Pope Francis has canonized famous 19th century English theologian and poet John Henry Newman. Newman, a leading intellectual of his time, becomes the first English Catholic saint to have lived later than the Reformation.
Pope Francis on Sunday declared Cardinal John Henry Newman a saint in a canonization Mass for John Henry Newman and four women that was attended by Britain's Prince Charles.
Newman, an English theologian and poet who lived from 1801 to 1890, left the Church of England in 1845 to become a Catholic, alienating many in his circle but helping create a greater acceptance of Catholicism in Protestant Britain. One year before his death, he was made a cardinal by Pope Leo XIII.
At the Mass in St. Peter's Square, Francis quoted from one of Newman's best-known hymns, "Lead, Kindly Lights," and urged the faithful to be "kindly lights" amid the gloom surrounding them. Newman wrote the hymn while ill on a journey.
Francis also drew parallels between what he called the difficult Christian "journey of faith" and the troubles experienced by Newman at his conversion.
'A cause of celebration'
Prince Charles, whose mother, as queen, is the "supreme governor" of the Anglican Church, praised Newman in an editorial in the newspaper L'Osservatore Romano, saying that his canonization was "a cause of celebration not merely in the United Kingdom, and not merely for Catholics, but for all who cherish the values by which he was inspired."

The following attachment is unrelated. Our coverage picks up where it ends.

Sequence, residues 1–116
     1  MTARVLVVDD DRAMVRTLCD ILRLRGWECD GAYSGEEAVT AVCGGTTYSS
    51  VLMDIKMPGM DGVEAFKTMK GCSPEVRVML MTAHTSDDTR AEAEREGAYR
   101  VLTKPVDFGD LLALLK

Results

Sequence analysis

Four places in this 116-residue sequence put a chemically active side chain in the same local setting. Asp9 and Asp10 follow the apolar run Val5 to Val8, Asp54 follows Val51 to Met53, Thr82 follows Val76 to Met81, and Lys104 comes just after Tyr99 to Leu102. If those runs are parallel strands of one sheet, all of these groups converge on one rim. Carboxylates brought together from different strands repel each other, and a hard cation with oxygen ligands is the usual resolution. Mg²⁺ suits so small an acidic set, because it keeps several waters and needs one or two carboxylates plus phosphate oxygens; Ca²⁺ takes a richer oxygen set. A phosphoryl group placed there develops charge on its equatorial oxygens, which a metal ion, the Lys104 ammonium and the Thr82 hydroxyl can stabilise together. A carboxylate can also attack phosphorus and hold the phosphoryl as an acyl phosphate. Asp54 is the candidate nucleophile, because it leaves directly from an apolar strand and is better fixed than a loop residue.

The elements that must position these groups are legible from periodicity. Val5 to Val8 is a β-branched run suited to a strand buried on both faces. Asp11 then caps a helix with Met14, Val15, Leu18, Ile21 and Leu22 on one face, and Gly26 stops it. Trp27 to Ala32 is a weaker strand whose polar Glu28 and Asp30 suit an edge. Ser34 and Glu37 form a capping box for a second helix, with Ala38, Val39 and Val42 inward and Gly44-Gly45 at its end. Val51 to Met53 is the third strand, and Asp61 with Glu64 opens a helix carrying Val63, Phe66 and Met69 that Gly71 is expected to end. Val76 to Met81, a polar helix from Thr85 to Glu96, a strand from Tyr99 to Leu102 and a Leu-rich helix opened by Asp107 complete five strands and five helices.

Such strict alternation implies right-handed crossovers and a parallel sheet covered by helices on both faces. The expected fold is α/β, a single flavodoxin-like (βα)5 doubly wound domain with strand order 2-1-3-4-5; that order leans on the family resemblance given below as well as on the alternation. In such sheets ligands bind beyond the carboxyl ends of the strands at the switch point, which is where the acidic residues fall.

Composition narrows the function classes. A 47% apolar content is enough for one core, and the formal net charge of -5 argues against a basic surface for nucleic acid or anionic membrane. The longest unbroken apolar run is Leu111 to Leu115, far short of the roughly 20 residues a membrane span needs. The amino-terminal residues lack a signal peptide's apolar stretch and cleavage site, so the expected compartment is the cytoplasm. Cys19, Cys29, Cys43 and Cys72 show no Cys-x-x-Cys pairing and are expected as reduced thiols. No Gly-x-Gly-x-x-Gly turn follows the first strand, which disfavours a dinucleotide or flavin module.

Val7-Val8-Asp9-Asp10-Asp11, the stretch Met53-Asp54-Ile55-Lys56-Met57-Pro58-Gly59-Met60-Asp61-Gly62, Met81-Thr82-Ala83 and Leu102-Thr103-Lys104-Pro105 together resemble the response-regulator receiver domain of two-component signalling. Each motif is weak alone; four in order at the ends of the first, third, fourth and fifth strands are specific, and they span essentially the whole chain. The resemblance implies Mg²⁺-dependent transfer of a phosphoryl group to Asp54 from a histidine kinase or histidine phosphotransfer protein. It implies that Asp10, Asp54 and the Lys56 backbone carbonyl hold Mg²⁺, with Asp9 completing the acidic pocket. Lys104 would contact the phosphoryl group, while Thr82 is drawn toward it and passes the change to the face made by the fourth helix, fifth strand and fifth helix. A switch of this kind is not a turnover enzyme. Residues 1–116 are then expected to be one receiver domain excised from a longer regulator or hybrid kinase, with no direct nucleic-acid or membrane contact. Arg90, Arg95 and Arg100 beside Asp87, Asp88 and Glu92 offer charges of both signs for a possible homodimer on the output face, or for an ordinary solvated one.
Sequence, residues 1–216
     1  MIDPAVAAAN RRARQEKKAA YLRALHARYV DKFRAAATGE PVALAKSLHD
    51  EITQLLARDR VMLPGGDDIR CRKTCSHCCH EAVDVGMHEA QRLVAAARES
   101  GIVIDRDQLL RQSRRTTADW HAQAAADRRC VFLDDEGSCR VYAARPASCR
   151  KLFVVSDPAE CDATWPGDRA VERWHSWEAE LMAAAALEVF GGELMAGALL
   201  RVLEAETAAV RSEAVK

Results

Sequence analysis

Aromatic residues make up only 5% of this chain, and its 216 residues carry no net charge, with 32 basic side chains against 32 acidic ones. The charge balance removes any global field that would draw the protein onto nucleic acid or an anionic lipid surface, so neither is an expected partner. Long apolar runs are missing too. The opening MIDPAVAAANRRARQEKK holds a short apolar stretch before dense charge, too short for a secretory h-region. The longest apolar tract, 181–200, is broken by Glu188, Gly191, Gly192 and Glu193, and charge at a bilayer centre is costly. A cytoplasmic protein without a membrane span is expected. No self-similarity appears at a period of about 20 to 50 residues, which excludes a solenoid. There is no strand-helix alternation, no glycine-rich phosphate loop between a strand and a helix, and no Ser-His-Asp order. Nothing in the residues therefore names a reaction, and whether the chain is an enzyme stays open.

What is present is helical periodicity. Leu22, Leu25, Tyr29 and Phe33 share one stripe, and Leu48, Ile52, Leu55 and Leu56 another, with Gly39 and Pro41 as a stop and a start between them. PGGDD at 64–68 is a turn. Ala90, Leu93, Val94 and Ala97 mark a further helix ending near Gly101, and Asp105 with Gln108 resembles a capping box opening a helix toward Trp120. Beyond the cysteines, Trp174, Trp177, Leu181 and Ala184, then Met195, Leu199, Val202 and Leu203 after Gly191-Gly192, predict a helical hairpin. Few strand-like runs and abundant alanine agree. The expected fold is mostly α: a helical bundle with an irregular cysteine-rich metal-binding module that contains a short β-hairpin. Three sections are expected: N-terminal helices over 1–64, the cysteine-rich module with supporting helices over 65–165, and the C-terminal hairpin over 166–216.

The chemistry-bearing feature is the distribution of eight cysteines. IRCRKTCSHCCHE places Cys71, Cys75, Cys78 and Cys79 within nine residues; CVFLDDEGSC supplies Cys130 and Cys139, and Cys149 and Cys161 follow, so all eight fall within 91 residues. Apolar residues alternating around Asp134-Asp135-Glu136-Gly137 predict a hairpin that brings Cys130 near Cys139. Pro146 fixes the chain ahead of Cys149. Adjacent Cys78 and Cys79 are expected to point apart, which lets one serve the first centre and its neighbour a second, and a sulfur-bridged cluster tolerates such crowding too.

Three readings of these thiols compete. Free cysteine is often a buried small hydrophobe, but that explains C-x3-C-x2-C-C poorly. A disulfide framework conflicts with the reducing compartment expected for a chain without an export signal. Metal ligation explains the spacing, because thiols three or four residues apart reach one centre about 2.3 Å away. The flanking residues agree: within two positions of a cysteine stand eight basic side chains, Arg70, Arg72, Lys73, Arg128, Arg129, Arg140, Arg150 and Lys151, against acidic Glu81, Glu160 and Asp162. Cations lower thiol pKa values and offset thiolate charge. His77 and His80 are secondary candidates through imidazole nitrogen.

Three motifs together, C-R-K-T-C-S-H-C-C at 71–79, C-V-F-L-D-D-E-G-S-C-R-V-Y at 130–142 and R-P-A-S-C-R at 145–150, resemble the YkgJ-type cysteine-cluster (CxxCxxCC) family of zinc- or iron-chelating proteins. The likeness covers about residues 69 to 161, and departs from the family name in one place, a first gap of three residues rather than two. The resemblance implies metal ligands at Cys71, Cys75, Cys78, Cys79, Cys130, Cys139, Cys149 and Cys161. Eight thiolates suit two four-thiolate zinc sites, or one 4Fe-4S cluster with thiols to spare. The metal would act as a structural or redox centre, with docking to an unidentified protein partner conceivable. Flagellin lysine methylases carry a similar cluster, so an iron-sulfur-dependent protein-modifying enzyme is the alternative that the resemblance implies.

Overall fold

Those values, Charles said, included opposition to "the forces that would debase human dignity and human destiny," adding that Newman's example was "needed more than ever" today.
Newman is known, among other things, as the founder and first rector of University College Dublin in Ireland, initially known as the Catholic University of Ireland. A noted literary figure, he wrote, among many other works, the poem "The Dream of Gerontius," which was set to music by English composer Edward Elgar in 1900. Another of his popular hymns is "Praise to the Holiest in the Height," taken from "The Dream of Gerontius."
Admired by both Anglicans and Catholics, he has also been claimed by gay activists, as Newman was buried next to the Reverend Ambrose St. John, who was his companion for more than three decades.
The last English people to have been made saints were the so-called Forty Martyrs, Roman Catholics executed during the Reformation period of the 16th and 17th centuries. They were canonized in 1970 by Pope Paul VI.
The four women canonized on Sunday were the nuns Giuseppina Vannini, Mariam Thresia Chiramel Mankidiyan and Dulce Lopes Pontes, and the laywoman Margherita Bays.
tj/rc (AP, dpa)